An Odd Distance, a Common Problem

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Easter Weekday

I’ve now been running for 40 years. What started as “plan B” to earn a  high school letter after my basketball ambitions exceeded my talent and height has become a rewarding avocation.  Over that time I’ve covered tens of thousands of miles on six continents.  In the early years—high school, college and perhaps a decade after that, I competed and trained hard.  These days (especially after aortic valve replacement surgery about 18 months ago) I feel blessed just being able to get out there in the morning, put one foot in front of the other, and enjoy the sights and sounds around me.  It’s now much more about contemplation rather than competition, though I still enjoy the occasional opportunity to participate in an occasional race like the upcoming Capuchin Run Walk for the Hungry in Milwaukee on June 16

This past Saturday (May 6) I participated in an event unlike any I’ve had in the past four decades:  the Global 6K for Water, sponsored by World Vision.  While the event was held in many towns and cities throughout the country, it also gave participants the opportunity to run the distance on their own, right from their front doors.  Due to the need to travel for some family business, the latter option worked out better for me.

In four decades of running, I had never run a 6K (3.72 miles) before.  World Vision picked that distance deliberately because that’s the average distance that children in developing countries need to walk each day just to retrieve water for their families.  With the help of a program called Map My Run I was able to create a route in downtown Milwaukee, and so just before 5 AM I left the parking lot of St. Benedict the Moor Friary and headed to the Lakefront.

As I ran along the Lake Michigan shoreline in the early morning light and looked out over the vast lake—part of a system (the Great Lakes) that contains one-fifth of all the fresh surface water in the world—I recalled how easily we in this part of the country can take water for granted.  The estimated 6 quadrillion gallons in the Great Lakes seem like they’ll always be there.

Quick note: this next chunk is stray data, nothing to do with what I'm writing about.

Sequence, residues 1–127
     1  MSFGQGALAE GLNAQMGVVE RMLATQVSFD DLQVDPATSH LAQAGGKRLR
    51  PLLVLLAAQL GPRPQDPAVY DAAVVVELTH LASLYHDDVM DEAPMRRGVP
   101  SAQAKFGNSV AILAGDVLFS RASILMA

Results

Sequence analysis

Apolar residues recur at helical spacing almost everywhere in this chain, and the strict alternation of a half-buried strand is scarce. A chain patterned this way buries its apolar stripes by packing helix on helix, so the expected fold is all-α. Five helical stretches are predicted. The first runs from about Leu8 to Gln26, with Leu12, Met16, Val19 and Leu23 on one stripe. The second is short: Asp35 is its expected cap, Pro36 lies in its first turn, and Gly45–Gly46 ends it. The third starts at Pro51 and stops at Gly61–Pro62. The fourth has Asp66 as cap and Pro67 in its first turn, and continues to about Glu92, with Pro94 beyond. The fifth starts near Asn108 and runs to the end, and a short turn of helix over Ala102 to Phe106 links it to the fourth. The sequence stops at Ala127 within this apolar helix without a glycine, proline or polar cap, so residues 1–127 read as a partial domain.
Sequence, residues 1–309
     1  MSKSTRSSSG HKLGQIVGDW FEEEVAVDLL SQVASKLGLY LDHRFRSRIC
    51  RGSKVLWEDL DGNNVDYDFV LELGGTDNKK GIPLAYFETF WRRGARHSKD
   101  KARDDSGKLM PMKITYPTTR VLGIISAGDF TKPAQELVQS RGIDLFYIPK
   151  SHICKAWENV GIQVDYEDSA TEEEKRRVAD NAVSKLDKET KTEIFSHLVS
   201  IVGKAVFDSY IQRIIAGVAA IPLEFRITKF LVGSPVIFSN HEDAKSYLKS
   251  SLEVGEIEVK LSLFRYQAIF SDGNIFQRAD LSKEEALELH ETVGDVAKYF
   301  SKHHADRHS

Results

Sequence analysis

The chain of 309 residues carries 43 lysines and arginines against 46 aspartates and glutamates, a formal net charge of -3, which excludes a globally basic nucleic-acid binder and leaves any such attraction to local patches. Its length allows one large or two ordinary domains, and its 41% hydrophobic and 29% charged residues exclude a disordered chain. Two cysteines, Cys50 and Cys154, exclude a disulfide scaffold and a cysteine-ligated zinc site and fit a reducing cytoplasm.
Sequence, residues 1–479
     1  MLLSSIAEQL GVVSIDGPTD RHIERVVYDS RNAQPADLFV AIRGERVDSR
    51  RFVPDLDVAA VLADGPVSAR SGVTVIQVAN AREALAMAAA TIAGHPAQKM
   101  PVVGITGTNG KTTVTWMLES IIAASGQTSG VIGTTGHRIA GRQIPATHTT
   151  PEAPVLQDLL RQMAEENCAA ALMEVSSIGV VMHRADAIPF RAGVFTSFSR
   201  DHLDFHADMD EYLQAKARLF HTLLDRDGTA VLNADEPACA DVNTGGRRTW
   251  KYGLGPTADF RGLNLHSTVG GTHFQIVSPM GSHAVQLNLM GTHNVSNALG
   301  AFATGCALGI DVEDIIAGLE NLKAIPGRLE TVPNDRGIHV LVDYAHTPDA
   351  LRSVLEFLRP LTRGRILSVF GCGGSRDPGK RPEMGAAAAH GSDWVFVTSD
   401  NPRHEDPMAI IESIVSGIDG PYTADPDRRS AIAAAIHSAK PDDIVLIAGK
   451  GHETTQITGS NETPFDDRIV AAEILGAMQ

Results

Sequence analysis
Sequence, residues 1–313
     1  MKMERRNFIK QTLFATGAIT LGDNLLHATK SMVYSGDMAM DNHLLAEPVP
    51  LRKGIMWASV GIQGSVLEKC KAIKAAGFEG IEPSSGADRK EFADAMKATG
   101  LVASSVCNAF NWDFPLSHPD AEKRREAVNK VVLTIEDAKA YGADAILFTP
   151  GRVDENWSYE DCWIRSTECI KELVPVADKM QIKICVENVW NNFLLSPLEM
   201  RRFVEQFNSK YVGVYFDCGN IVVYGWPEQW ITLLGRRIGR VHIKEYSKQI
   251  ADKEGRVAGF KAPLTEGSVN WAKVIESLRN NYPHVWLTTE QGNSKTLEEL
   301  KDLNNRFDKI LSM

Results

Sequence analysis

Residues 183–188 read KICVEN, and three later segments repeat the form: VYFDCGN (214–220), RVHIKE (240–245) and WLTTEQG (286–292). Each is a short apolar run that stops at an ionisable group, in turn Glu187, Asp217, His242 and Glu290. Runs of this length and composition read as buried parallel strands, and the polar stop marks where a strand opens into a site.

My run took a little over half an hour—not exactly fast, but as I was cooling down I thought of the distance covered, block after city block, and the fact that many people (especially women and children) walk that distance every day just to get water. I recalled the water projects that our province has supported over the years in places like Tanzania.

I also thought of the importance of conserving water, even in places where it seems so plentiful.  It’s an act of solidarity and responsibility for a resource that’s essential for life.  When it’s not there, the results are devastating.  According to World Vision, almost 1000 children die every day from diarrhea caused by water-borne diseases and poor sanitation and hygiene practices—all because they lack access to an adequate supply of clean water.  Some have predicted that many of the wars of the future will not be fought over oil or precious minerals but over water.

The next time you turn on the tap, remember those kids and imagine walking those six kilometers…every day.—JC